Living in Interesting Times for Global Sourcing

Living in Interesting Times for Global Sourcing

I recently learned that the alleged Chinese curse “may you live in interesting times” is not, in fact, Chinese at all. Instead, the curse and its alleged Chinese origin apparently come from England. It made me think of the similar legend that the Mandarin characters for “crisis” were the words “danger” and “opportunity” together. This made me think, as so many things both at work and at home do, about China and how rapidly the regulatory world is changing for importers into the United States.

In the twenty-five plus years I’ve been a customs and trade attorney we’ve seen several distinct waves of sourcing strategy. None of them has demanded the expertise, care, and thoughtfulness of the era we are entering. U.S. regulatory considerations involving all aspects of planned imports into the United States raise the risk of having adaptations to supply chains being rendered moot by the application of U.S. law. Companies need broader expertise than ever to successfully navigate the new era of sourcing we are entering. Trade and sourcing professionals are living in interesting times.

Where We’ve Been

In the late 1990s we still saw a substantial number of companies that either did minimal importing or imported mostly from their foreign parents. Large, sophisticated companies often had broader supply bases, but smaller companies usually did not. If they were a U.S. subsidiary of foreign company, their imports were often from that company to produce or repair that company’s articles. If they were a smaller, unaffiliated manufacturer, they often imported a few select articles used in production. Often rather than importing, smaller companies purchased from U.S. sales offices of foreign companies, one step removed from importing.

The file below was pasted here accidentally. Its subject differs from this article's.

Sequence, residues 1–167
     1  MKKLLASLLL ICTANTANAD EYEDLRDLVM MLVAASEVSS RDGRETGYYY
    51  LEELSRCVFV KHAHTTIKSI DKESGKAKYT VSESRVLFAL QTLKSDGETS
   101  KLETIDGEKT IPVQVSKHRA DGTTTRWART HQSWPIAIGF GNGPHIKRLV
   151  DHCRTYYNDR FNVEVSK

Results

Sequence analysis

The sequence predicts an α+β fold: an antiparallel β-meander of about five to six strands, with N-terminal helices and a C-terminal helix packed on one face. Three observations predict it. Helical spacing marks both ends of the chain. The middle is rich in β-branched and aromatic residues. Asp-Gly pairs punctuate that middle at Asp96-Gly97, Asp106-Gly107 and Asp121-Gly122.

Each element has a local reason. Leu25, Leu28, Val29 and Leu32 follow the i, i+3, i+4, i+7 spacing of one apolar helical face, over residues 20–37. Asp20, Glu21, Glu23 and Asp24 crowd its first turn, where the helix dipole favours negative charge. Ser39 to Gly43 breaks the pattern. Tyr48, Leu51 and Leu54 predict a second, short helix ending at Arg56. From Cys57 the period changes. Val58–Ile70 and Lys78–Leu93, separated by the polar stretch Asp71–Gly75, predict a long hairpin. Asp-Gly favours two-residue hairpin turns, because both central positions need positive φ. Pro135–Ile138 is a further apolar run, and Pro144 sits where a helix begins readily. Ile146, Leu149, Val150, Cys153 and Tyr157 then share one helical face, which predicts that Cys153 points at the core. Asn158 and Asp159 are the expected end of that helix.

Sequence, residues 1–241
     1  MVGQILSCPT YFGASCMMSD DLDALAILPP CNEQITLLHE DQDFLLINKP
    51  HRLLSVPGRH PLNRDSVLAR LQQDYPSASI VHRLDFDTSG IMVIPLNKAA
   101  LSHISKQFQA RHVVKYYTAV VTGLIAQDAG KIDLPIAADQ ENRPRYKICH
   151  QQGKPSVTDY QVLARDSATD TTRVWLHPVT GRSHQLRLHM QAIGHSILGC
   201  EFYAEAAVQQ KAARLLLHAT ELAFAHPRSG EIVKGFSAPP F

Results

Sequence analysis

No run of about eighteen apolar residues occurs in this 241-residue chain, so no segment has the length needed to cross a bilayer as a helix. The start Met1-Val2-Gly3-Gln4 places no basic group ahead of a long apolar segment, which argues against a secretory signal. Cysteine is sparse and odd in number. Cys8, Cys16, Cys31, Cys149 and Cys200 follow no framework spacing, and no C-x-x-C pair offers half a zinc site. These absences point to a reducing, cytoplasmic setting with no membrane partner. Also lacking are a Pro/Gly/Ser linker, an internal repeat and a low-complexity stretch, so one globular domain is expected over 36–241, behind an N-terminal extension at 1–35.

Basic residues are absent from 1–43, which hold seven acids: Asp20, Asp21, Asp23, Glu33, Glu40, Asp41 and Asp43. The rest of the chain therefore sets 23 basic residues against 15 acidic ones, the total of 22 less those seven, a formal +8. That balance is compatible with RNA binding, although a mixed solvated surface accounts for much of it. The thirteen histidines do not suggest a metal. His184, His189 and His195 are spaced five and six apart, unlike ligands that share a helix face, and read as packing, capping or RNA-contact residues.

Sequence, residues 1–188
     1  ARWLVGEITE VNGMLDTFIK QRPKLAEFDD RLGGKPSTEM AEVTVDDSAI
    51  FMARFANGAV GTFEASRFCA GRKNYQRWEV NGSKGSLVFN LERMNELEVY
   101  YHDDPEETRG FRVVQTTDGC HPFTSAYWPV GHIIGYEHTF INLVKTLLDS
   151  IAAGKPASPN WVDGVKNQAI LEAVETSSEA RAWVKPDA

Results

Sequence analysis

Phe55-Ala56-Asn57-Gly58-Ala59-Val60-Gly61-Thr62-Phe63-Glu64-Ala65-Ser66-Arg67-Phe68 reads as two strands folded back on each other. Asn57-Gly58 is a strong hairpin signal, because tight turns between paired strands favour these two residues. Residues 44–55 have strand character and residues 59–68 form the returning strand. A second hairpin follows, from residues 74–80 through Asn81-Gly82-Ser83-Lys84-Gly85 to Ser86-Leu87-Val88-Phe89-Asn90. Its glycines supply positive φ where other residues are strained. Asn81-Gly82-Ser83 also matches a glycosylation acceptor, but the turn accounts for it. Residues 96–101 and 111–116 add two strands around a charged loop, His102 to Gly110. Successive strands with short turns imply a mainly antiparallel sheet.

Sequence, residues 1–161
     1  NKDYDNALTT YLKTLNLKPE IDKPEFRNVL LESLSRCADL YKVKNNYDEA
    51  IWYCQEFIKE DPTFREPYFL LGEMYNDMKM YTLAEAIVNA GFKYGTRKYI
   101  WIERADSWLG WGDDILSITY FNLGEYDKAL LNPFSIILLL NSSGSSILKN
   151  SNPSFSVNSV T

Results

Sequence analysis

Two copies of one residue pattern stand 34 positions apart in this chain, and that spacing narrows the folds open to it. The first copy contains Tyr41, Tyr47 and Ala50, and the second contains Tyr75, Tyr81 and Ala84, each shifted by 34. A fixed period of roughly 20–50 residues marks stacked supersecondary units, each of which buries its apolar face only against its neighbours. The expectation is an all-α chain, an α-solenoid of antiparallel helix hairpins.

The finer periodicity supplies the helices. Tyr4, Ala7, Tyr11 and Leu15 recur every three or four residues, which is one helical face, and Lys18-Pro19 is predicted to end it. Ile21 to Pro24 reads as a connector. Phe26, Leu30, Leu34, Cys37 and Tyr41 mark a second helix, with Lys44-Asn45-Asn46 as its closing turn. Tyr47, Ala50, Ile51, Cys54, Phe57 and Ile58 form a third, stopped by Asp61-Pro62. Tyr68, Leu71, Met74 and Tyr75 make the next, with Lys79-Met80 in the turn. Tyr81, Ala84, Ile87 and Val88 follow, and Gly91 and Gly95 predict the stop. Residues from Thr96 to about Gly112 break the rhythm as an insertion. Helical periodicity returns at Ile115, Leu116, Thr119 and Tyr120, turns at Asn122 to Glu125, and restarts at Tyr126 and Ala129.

That era was largely over by 2004 or 2005. The growth of China as a manufacturing power changed the sourcing world. Suddenly companies that had never imported before were outsourcing production to China. In many cases it was not clear that these new importers had even considered the cost and complexity of sourcing in China until containers started arriving at the West Coast ports. Even the foreign subsidiaries were often now importing articles made by a sister facility in China for both the U.S. and the home market. While it is unquestionably the case that some producers produced high quality articles in China, getting the “China price” was the primary (or sole) consideration for many of these importers.

Where We’re Going

In recent years, there has been a trend of companies diversifying their sourcing beyond China, while continuing to source from China as well. In the few years before 2018 companies were telling us they were changing sourcing because of issues like rising labor costs in China, increasing competition from other low-cost manufacturing countries, and industry-specific issues like antidumping charges. These factors were a boon to countries like Vietnam.

Starting with the Trump Section 301 duties on Chinese products, and then accelerating with the experience during the pandemic, more companies started to perceive the risks associated with relying heavily on only China for sourcing. This has led many companies to re-evaluate their supply chain strategies and diversify their sources of goods and services.